Heng Krishna, 27, is studying political science at People’s Friendship University of Russia in Moscow, but he has not yet told his parents. He said that he told his mother that he is studying law, because she would not let him study politics.
Politics is a serious word for a family who suffered from civil war for three decades. Consequently, Krishna’s family prohibits its members from getting involved.
However, Krishna said that he has loved politics since he was young and wanted to be a politician. When he was in high school, he said that he always discussed politics, history and other social issues with his friends. For Krishna, politics refers to the art of leadership and control of a country and the participation of the people in government in order to achieve success.
Krishna first arrived in Russia in 2006 to pursue his Bachelor’s degree. After graduating, he decided to stay in Moscow to pursue his master’s. He is now president of the Khmer Students Group in Russia.
Some people think that Russia is a communist country like Vietnam or China, but Krishna does not think so. He said that although it is not as democratic as the United States or countries in the European Union, it is still better than Cambodia’s democracy, adding that youths and citizens are proud to speak up and criticise the government in public. However, Krishna said that hard work is the most important part of studying politics.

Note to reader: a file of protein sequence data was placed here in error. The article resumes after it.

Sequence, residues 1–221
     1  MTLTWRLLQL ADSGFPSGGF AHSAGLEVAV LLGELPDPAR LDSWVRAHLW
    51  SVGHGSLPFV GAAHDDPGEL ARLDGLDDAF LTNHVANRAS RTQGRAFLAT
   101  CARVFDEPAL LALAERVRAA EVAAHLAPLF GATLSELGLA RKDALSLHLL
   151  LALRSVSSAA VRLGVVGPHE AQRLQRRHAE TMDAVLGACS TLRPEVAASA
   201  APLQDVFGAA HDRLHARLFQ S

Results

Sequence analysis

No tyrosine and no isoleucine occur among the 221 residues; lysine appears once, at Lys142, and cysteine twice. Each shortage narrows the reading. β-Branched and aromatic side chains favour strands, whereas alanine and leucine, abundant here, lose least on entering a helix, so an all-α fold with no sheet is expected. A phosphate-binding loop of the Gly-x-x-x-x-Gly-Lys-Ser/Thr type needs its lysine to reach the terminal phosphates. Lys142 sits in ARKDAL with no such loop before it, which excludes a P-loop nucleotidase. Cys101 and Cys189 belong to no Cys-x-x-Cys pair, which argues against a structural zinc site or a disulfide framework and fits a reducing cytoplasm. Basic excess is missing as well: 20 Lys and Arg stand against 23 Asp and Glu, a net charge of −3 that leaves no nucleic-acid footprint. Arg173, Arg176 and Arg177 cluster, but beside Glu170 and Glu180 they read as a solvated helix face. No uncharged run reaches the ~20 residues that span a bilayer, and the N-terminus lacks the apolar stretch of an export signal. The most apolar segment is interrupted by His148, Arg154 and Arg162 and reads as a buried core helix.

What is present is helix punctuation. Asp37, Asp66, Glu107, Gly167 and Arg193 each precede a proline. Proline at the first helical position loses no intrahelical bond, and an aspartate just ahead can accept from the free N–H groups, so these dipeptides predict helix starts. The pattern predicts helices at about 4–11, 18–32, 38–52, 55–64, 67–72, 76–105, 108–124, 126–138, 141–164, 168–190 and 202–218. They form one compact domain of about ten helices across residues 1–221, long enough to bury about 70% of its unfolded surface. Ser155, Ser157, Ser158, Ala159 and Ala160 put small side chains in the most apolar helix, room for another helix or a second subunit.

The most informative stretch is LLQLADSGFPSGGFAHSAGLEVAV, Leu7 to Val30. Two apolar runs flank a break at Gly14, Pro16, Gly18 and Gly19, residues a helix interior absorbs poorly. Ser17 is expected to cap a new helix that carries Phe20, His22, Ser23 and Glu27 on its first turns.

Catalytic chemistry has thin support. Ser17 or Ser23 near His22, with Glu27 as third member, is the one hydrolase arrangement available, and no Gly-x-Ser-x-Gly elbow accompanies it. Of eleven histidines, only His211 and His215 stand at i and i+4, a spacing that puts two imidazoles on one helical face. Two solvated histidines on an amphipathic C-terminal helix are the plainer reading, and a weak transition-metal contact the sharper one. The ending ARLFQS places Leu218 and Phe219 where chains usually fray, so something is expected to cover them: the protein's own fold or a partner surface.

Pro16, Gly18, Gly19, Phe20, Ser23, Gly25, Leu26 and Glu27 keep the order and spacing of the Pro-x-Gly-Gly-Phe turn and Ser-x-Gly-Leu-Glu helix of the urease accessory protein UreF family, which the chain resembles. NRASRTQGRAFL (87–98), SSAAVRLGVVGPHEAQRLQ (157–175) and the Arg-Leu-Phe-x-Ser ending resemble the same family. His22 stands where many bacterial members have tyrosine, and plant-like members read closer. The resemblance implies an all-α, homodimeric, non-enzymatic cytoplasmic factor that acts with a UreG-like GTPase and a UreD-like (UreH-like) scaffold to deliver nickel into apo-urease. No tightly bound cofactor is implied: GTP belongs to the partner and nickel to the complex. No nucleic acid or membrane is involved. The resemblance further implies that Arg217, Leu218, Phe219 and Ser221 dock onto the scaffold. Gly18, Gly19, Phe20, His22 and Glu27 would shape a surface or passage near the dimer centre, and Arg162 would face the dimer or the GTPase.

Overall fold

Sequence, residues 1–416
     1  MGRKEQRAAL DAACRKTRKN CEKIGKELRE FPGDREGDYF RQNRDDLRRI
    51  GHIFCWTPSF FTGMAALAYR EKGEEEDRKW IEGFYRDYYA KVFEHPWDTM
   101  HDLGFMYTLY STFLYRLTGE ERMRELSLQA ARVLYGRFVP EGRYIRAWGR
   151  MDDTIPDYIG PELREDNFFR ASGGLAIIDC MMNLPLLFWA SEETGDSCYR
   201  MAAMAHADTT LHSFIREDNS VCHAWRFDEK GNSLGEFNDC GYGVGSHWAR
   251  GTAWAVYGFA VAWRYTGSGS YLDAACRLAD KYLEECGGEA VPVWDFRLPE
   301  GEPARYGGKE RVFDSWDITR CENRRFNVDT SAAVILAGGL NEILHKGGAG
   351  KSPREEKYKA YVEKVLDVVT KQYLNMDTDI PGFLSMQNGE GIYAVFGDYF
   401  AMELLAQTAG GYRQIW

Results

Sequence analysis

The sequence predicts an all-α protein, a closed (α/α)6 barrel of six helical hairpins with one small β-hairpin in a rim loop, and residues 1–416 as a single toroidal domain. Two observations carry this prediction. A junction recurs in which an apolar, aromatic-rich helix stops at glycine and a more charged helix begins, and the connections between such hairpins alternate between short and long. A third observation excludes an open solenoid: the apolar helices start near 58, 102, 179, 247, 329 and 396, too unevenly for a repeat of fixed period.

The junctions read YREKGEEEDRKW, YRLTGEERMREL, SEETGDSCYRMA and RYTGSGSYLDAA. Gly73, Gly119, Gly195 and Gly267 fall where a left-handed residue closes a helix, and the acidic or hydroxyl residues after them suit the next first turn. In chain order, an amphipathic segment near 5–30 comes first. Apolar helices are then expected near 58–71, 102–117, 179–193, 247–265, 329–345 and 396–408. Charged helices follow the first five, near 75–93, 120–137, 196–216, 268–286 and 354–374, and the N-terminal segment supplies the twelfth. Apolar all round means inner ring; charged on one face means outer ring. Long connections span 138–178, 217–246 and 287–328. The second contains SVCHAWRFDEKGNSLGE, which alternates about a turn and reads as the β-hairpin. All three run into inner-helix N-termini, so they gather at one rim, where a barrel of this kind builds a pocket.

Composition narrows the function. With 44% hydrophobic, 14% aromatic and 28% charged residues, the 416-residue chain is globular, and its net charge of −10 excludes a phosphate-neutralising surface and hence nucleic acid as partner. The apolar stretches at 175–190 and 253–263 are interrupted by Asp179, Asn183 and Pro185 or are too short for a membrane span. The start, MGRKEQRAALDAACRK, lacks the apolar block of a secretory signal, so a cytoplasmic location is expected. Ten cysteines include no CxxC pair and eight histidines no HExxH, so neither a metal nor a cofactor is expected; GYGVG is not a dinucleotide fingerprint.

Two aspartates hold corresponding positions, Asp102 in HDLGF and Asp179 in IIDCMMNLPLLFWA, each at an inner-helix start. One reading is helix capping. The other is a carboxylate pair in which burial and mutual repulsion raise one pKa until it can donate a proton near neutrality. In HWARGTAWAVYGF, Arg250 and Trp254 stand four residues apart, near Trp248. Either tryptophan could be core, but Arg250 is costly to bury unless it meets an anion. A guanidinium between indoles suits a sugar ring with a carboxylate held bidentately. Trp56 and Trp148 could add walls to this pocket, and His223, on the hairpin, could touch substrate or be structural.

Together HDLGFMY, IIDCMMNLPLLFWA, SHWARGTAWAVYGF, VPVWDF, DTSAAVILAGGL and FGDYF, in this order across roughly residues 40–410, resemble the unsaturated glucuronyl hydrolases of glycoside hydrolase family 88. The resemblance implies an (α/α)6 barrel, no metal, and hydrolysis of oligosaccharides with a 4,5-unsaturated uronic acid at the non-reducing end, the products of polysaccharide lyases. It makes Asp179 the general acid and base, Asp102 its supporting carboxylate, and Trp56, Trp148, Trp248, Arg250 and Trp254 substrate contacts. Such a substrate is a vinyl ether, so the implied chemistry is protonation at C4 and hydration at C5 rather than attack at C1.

“Whether you study politics in Moscow or in Washington is not important, but try to study hard. That is the best way to success.”
Money, however, is a challenge because the scholarship money is not enough to cover all expenses, and goods are much more expensive in Russia than in Cambodia. Therefore, Krishna must work part time as an assistant lecturer of Khmer politics and language at a university in Moscow.
Although Heng Krishna lives in Moscow, he always cares about Cambodia’s situation by reading news and talks with his friends.
With parliamentary elections being held on July 28, Krishna said that youths are more active in politics than the last election because they are better educated, have access to more information, and use social media to speak out.
“Cambodian youths should go to vote if they want to make a positive change. To develop their knowledge and skills, they should read books as much as possible. Read while others read, and still read while others sleep.”